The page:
John Prendergast, a co-founder of the Satellite Sentinel Project, along with actor George Clooney, said diplomacy on the issue with no tangible international pressure "is a recipe for ongoing death and destruction."
"This evidence demonstrates the urgent need for a full-scale international investigation into the violence in South Kordofan, and underlines the imperative to protect civilian populations from their own government in Khartoum," said Prendergast.

A U.N. report obtained by The Associated Press last month said that Sudanese intelligence agents posed as Red Crescent workers and ordered refugees to leave a U.N.-protected camp in South Kordofan. The U.N. report contained no information about what happened to those people afterward.
The satellite project said it was told by an eyewitness that Sudanese Armed Forces troops, militia fighters, men in brown uniforms like those worn by prisoners and individuals dressed in a manner consistent with Sudan Red Crescent Society workers were seen driving large green trucks close to the alleged mass grave site.

Because the authorities in South Kordofan are barring international aid agencies from entering the region, and journalists are not able to safely access it, activists fear the Khartoum government is carrying out targeted killings like those in Darfur over the last decade.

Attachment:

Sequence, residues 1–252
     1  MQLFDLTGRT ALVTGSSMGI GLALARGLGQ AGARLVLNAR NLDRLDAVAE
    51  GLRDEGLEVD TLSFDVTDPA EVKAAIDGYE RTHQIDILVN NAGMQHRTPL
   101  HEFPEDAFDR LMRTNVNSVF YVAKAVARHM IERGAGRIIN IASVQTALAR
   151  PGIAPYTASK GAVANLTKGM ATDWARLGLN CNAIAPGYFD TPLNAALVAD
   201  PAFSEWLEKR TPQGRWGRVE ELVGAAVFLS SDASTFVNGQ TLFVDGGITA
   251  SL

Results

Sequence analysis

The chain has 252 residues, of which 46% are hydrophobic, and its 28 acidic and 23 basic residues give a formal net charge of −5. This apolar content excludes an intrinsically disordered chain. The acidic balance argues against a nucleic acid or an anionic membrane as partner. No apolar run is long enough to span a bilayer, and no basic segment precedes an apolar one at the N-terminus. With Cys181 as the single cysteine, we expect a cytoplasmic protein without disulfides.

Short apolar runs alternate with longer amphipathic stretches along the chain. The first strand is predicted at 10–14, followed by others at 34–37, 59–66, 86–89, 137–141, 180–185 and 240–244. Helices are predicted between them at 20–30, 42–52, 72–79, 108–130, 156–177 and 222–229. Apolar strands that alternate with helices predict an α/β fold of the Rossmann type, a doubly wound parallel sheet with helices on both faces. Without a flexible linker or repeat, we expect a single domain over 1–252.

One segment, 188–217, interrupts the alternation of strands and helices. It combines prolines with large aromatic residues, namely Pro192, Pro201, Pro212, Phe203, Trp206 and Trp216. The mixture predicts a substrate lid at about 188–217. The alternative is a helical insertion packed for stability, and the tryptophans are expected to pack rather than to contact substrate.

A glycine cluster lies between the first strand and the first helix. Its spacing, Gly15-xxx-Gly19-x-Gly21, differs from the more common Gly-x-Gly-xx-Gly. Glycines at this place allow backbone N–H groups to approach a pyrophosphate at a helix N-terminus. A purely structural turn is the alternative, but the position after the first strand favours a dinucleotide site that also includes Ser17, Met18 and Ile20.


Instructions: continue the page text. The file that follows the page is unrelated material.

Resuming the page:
"Men at the site were reportedly unloading dead bodies from the trucks and depositing them in the open pits. The individual claims to have seen some bodies in what appeared to be bags," said the report.
The project did not identify any witnesses or its means of communicating with them for fear of reprisal attacks.

Reeves said that his contacts in Kadugli have reported security roadblocks, house-to-house searches for supporters of the South Sudan military, and executions on the street.
"What's happening beyond Kadugli, beyond the Nuba Mountains, in places we haven't heard of, is that these Nuba people are being exterminated," he said.
The Nuba people have been targeted by Khartoum before. Reeves said that during killings in the 1990s, information from the region was sealed tight, and that no one knew the killings were taking place for two or three yeas.
"It was a black box genocide, as Darfur is becoming a black box genocide, and as I will predict will happen in Kordofan in the next couple months," Reeves said.
Associated Press writers Maggie Fick in Juba, South Sudan, and Anita Snow at the United Nations contributed to this report.


Warrior Security work extensively in South Sudan and are the largest single private employer of local Sudanese men and women.